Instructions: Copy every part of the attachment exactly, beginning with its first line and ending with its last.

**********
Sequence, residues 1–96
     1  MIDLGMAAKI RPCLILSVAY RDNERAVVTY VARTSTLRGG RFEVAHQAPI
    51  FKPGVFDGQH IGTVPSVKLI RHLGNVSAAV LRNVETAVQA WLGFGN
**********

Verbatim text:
Sequence, residues 1–96
     1  MIDLGMAAKI RPCLILSVAY RDNERAVVTY VARTSTLRGG RFEVAHQAPI
    51  FKPGVFDGQH IGTVPSVKLI RHLGNVSAAV LRNVETAVQA WLGFGN